they decided this week that things have gone too slow and it was time to break
with the appearances of democracy and simply push forward. Does this represent
the ominous presence of a breaking point? That is my fear, as otherwise the
Government has too much to lose tomorrow.

We will
soon know. If abstention is 80% tomorrow, the Government will no longer be able
to claim it is democratic in origin and may go and travel a completely different path
than that traveled in the last seven years. And that, my friends, is quite scary.

The man who discovered that the voting machines had a flaw

December 3, 2005

A single person persevered until he found that the voting machines did
keep the sequence of the voters by saving a time stamp with each vote,
which could then be correlated with the fingerprint machines and now
with the order in which people cast their vote, if anyone bothered to
keep track of it at each of the 27,000 voting booths.

Everyone imagines that this modern day hero of knowledge and technology
for the Venezuelan opposition is your typical hacker, young, geeky and
self-involved. The opposite is the truth, Leopoldo Gonzalez is an
Electrical Engineer who got his Bachelor’s degree at Universidad
Central de Venezuela in the 60’s. Fired from CANTV in 1980 when the
COPEI Government got rid of all the “leftists” engineers at the then
state comany, he then started working at a local private company.In his
60’s today, he has nevertheless kept up to date with technology in the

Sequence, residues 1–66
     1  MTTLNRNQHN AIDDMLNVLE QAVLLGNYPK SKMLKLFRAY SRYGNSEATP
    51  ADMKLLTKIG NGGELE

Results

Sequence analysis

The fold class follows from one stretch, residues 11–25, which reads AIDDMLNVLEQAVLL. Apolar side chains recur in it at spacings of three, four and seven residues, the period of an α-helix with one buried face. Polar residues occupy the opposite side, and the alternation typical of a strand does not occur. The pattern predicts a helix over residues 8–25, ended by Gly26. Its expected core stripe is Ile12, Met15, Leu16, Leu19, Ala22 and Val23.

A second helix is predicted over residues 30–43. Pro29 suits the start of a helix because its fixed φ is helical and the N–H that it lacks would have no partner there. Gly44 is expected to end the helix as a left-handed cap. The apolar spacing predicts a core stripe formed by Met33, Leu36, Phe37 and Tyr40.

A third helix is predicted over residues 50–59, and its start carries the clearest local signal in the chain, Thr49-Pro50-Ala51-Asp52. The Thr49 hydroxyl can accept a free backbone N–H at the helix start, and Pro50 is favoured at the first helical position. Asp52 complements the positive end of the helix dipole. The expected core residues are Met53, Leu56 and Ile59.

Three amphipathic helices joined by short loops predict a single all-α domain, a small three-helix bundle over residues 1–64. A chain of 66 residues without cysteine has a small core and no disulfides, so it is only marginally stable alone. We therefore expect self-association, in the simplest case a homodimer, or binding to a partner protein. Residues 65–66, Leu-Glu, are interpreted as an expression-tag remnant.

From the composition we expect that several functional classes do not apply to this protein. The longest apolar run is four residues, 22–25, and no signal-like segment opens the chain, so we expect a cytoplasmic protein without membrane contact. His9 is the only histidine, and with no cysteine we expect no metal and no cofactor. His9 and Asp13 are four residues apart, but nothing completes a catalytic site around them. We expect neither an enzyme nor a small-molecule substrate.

belief that true power lies only in kwowledge, something not en vogue
in Venezuela and its current Government. Whether Leopoldo Gonzalez will
simply become a footnote in our history or his role will be recognized
or not in the future, I don’t know.

What I do know, is that he is allright in my book. I wish in the last
three or four years there had been more individual efforts like his. I
wish there were more people who believed in science, knowledge and
technology as the way of the future for our country and its Government.
I wish there were hundreds of Leopoldo Gonzalez’ going around trying to
stop this outlaw Government with their brains.

The shameless use of state resources for political gain

December 3, 2005

I guess Venezuela has a new political party called PDVSA, whose members wear the same red t-shirts
as Chavez’ MVR, they are all going to vote, becuase if they don’t they
may get a black star in the Maisanta database, maybe get fired and not
be able to maintain their outstanding physiques as they join the ranks
of the real poor. I guess when they say that they don’t
participate in violence, they don’t mean the violence used by the
National Guard to kick out their fellow PDVSA workers from their homes,
or ban the kids of those kicked out from their homes from the
PDVSA schools and deny their savings to 20,000 workers fired from the state oil company, who
happened to be fellow Venezuelans first. They are now part of the new minority, the one that Chavez and
his crooks wants to discriminate against daily..

I guess it is indeed a different Venezuela, where state resources
are used at will for political campaining and workers are forced into
participating in illegal acts like the picture above.They may think
they don’t particiapte in violence, but there is something very wrong, obscene
and even somewhat violent in the above image. Shame on those that paid for
it with PDVSA resources. Shame on those that planned it and those that
forced these people to appear in it. The symbols of fascism are
now everywhere and growing. The illegalities are everywhere. The shamelessness is
pervasive. The appetite of the empty revolution is unlimited,
destroying all values in its path.

(Picture swiped from Luis De Lions website)